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Author Topic: One Way Wiring in Ships  (Read 1363 times)

Colin Bishop

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One Way Wiring in Ships
« on: October 24, 2008, 10:24:18 am »

I have picked up in a book on liners that prior to WW1 and maybe after, the wiring systems were one way which posed a considerable fire risk if the insulation chafed as a result of the "working" of the ship in a seaway. I assume that this means that the hull and ship's structure was used as a joint neutral/earth. I found that quite interesting - does anyone know more? There isn't much in the way of detail on the Internet that I can find.

Colin
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BarryM

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Re: One Way Wiring in Ships
« Reply #1 on: October 24, 2008, 04:40:02 pm »

Colin,

Yes it was used back in the very early days. You can see the attraction for owners; half your wiring installation costs at a stroke. If my ancient copies of MacGibbon's or Sotherns throw any more light on it I'll let you know.

Barry M
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BarryM

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Re: One Way Wiring in Ships
« Reply #2 on: October 24, 2008, 05:19:34 pm »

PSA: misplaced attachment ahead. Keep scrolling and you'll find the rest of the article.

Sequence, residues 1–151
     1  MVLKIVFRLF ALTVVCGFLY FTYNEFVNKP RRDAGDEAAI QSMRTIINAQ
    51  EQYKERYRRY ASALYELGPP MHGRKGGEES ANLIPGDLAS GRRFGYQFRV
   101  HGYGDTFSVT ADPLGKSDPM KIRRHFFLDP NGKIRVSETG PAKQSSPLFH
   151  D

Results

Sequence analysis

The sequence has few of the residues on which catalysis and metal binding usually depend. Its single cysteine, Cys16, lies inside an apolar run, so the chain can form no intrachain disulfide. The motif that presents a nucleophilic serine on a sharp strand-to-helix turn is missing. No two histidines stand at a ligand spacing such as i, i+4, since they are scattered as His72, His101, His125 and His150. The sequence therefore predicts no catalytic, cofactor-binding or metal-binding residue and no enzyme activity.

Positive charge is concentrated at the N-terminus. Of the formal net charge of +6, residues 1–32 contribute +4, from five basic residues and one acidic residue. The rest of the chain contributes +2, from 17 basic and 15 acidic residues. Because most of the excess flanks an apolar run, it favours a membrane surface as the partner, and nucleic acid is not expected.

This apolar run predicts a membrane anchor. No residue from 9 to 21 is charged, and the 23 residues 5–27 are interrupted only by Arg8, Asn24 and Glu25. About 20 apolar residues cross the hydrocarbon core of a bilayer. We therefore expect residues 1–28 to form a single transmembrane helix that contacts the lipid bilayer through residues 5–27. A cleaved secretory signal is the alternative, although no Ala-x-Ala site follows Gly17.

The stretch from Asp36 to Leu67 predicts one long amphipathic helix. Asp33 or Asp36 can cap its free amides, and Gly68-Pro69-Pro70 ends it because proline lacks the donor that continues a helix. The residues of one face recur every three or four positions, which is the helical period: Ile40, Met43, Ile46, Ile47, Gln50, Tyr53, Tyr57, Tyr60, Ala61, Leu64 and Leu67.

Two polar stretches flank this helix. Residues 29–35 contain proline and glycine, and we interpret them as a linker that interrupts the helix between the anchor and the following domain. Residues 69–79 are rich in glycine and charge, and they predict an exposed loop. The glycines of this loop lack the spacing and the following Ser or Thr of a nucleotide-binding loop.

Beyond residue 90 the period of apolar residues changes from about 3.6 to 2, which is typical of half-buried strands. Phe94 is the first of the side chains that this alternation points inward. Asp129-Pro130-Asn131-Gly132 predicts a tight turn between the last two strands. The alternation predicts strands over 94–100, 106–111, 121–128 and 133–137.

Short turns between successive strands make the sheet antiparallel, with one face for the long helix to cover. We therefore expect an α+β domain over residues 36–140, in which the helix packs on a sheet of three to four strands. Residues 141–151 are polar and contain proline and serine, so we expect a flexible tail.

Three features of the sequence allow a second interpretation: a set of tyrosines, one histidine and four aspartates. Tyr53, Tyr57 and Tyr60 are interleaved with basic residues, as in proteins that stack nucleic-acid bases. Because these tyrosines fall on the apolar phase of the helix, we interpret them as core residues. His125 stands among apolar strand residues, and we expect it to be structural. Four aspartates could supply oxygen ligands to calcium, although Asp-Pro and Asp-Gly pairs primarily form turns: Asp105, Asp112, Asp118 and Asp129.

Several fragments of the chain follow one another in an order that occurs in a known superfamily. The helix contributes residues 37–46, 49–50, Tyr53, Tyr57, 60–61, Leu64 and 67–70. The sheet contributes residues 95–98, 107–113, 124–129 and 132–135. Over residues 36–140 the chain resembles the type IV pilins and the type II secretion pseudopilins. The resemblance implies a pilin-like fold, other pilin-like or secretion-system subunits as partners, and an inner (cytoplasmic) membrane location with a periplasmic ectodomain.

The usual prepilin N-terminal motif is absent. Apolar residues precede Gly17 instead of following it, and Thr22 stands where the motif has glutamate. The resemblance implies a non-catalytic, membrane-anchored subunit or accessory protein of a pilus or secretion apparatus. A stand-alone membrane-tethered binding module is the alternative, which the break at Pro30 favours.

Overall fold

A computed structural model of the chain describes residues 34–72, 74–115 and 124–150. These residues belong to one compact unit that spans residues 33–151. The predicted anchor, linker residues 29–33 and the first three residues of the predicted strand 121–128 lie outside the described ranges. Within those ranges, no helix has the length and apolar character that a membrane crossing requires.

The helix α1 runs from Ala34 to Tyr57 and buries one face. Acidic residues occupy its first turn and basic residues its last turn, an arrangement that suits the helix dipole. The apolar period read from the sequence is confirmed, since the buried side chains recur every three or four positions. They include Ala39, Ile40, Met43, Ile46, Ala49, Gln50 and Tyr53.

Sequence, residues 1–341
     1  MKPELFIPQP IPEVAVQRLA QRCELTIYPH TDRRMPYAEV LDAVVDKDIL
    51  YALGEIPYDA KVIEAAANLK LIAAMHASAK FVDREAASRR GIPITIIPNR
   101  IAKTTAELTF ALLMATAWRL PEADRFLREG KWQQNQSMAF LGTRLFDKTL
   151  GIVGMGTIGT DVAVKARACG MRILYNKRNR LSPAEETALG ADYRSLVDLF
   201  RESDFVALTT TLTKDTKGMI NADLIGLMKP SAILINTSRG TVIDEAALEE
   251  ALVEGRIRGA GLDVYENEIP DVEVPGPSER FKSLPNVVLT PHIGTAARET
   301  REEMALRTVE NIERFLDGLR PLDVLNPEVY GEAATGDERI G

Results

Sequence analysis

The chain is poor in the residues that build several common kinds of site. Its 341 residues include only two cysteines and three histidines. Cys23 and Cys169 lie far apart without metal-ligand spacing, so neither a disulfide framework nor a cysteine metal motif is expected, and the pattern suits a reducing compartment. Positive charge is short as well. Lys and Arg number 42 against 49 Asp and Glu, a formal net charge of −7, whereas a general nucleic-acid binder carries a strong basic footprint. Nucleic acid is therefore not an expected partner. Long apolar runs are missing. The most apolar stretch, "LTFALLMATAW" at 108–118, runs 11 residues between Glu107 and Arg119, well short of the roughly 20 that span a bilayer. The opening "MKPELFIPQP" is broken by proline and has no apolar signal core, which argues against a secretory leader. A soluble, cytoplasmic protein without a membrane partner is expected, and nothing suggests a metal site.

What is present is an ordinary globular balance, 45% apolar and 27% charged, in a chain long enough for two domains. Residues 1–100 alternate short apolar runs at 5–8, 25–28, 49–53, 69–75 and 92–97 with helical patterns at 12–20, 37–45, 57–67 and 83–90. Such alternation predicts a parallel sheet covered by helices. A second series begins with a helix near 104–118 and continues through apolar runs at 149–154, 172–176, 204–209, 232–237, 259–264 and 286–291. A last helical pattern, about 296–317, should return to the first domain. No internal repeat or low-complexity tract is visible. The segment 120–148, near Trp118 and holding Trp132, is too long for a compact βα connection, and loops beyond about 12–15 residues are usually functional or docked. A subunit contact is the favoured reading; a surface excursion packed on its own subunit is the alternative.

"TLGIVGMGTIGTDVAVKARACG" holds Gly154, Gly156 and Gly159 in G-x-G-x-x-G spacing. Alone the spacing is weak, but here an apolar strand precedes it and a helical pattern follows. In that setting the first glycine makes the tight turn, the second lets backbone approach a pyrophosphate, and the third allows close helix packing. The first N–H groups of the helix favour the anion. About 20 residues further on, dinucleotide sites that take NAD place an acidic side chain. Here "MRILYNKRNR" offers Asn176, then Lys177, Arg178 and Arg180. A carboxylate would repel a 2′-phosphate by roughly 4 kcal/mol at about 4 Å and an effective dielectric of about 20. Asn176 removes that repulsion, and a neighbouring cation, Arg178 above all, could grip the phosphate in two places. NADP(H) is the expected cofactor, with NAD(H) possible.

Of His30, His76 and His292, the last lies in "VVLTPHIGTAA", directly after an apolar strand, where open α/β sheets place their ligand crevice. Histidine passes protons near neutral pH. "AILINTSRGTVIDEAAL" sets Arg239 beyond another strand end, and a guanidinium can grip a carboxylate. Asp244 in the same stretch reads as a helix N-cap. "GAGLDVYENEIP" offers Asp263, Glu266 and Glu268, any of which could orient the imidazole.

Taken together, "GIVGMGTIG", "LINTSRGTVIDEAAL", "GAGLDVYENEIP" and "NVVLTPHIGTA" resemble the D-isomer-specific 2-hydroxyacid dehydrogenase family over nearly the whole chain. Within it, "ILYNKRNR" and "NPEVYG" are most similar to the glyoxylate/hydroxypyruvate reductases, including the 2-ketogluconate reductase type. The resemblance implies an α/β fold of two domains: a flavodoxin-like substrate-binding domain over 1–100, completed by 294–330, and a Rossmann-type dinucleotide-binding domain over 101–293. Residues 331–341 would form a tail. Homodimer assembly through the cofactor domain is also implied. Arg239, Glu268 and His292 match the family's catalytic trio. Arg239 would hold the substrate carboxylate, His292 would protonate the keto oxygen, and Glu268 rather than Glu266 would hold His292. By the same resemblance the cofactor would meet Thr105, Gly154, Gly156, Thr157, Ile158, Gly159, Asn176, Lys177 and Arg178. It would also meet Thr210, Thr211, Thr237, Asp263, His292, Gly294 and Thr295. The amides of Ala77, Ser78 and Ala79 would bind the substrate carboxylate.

Colin,

Did not have to go too far back. The following is extracted from "Electricity Applied to Marine Engineering" published as recently as 1966. Well. 1966 is recent to me....

Quote
The Single-wire System
Although this system is considered to be obsolete for use on larger ships Lloyd’s Rules for Electrical Equipment states that ‘distribution systems employing single-wire with hull return may be submitted for special consideration’. The system is therefore described below
In this system the hull of the ship is used as one of the supply leads, only one cable being used to carry the electricity between the generator and the consuming apparatus, lamps, motors, fires, etc. The principal thing in favour of this system is cheapness. From an electrical point of view it is in many ways undesirable for the following reasons.
A failure of the insulation on the live conductor at any point will, or should, cause the protective gear to function, that is either a fuse blows, or a circuit breaker comes out causing an interruption of the electric supply. If the protective gear failed to function there would be a dead short circuit on the generator.
For this reason all fittings used in damp places should be watertight. Where cables pass through bulkheads, insulated bushings must be used. Also, because of the magnetic effect of the current, a single live cable must not be laid within 30 feet of steering or standard compasses. A person touching any live cable, or live portion of a switch or other piece of apparatus, immediately gets a shock to earth. For these reasons only low voltages should be employed. To avoid electrolytic corrosion, the positive pole of the generator should be earthed. If the negative pole is earthed and there are any leakage currents due to damp, the armouring of the cables will be eaten away and deposited on the hull of the ship.